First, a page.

His version of events may not be precisely true; perhaps he killed only one Arab, perhaps none. But the essence of what he says is correct. I talked with dozens of his commanders and soldiers, and all said admiringly that Gul Agha leads from the front, not the rear. They also spoke admiringly of his bullying; Afghan fighters may have a tough reputation, but in truth they are not reliable and are prone to fighting among themselves or preying upon civilians, especially if they are thrown together as hastily as Gul Agha’s army. Without a commander willing to kill his own men, battles cannot be won in Afghanistan.

Khalid Pashtun, who lived in the United States for more than 20 years and is Gul Agha’s chief adviser, says he believes that the man he serves is a great warrior and that perhaps the man Gul Agha is supposed to serve is not. “Mr. Karzai was in Uruzgan Province for two months,” Pashtun explained to me. Uruzgan Province lies just north of Kandahar Province. “But he didn’t have the guts to get close to Kandahar.”

So in Kandahar, as in the rest of Afghanistan, the Taliban are gone and the warlords are back, and the last time they were in charge the country slipped into a horrid civil war to which the hand-chopping, head-chopping Taliban were the puritanical solution. And right now the biggest warlord of them all is sitting at my side, blowing his nose into the tail of his turban. Gul Agha is ready to tell another story.

“Mullah Omar said, ‘I want to fight Gul Agha once because I have heard about him a lot, and I want to see if he is a good fighter.’ I said, ‘I will give you a knife, and I will have a knife, and we will be alone, face to face, and we’ll see which [that expletive, again] will shout first”–and once more, the insult involving one’s mother.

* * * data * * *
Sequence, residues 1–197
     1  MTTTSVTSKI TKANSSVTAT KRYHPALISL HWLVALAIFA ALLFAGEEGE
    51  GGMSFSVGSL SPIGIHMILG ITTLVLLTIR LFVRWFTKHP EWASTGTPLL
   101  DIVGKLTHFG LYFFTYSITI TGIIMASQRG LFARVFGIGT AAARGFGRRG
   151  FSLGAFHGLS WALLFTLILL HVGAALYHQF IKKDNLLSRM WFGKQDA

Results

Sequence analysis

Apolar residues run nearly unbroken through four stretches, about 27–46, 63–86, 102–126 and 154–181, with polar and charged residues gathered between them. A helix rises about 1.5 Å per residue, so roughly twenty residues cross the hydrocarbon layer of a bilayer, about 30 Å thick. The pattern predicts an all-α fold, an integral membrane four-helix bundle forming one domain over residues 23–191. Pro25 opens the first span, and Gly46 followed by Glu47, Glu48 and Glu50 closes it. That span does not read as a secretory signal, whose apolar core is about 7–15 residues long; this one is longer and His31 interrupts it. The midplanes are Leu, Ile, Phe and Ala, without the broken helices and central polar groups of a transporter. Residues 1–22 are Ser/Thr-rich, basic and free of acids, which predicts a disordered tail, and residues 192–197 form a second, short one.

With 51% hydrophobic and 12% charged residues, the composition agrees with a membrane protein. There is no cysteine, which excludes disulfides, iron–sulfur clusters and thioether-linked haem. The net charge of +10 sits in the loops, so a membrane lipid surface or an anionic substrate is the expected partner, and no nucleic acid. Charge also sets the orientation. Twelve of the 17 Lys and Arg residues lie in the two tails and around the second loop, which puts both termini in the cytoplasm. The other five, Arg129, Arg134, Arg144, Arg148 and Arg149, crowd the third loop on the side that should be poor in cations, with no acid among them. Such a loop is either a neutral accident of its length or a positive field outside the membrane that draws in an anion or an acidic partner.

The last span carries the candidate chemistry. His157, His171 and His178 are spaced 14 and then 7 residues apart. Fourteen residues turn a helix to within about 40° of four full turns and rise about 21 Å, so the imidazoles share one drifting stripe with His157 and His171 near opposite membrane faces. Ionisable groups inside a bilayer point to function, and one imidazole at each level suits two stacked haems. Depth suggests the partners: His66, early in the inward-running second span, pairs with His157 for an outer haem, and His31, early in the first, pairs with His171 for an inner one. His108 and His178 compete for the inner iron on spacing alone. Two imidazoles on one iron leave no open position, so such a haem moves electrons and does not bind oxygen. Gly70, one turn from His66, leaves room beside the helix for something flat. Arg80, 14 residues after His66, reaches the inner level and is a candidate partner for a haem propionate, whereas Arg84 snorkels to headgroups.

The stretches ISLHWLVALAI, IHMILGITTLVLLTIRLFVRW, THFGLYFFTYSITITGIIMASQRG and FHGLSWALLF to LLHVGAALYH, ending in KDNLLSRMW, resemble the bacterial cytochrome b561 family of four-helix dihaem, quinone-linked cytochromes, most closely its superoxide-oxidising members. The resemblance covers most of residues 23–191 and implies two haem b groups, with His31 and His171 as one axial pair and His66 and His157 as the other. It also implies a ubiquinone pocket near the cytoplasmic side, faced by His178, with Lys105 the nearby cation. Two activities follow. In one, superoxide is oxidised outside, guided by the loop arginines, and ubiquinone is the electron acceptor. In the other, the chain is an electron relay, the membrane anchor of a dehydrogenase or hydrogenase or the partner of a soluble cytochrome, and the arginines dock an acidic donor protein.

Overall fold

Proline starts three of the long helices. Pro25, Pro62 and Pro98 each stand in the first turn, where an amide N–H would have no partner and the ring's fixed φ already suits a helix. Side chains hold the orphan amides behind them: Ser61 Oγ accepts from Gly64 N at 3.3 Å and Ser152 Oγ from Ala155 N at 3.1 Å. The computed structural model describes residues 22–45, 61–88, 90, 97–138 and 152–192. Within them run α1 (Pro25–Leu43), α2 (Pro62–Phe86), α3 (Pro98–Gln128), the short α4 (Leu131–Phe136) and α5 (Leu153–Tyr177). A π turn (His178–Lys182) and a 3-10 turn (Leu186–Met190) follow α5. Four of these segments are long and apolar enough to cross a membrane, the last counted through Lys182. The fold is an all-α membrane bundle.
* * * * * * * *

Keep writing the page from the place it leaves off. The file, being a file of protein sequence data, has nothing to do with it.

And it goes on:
The Special Forces soldiers who were with Gul Agha had two tasks: coordinate airdrops of supplies and coordinate airstrikes. The second task was more crucial, because without the firepower of the United States Air Force, Gul Agha and his soldiers would not have gotten out of Shinarai.

The Americans lived and worked closely with Gul Agha, according to several senior commanders of his who used, in separate interviews, the same phrase–“shoulder to shoulder.” The soldiers pitched their tents next to Gul Agha’s tent, or shared rooms in the same compound, and frequently ate with him. The campaign’s military strategy was dictated by the Americans–Gul Agha’s troops would probe forward, drawing Taliban fire, then retreat so that American fighter jets could attack the newly revealed Taliban positions.

Initially, Gul Agha was nervous about the Americans–how would his troops react to foreigners in their midst? Might that cause trouble? As things turned out, according to Yusuf Pashtun, a senior adviser to Gul Agha, the opposite was true–whenever the Americans slipped from view, as happened when they went to the front lines or met a helicopter bringing supplies or new personnel, the rank-and-file would get nervous that the Americans were abandoning the fight.

“Our soldiers became so enthusiastic about the Americans, they would say, when they weren’t around, ‘Where are the Americans?”‘ Pashtun explained. “We told them they were resting, that it was not fighting time.”

There were three key battles–at the Kandahar airport, at the strategic town of Takhteh Pol and at a village called Potaki. The battle at Potaki was the first, and it occurred because Gul Agha was double-crossed.

It is acceptable in Afghan warfare for commanders to switch sides for the right price, and after an appropriate payment was made to secure the loyalty of several hundred Taliban troops near Potaki, they fell in line behind Gul Agha’s men–and promptly opened fire on them.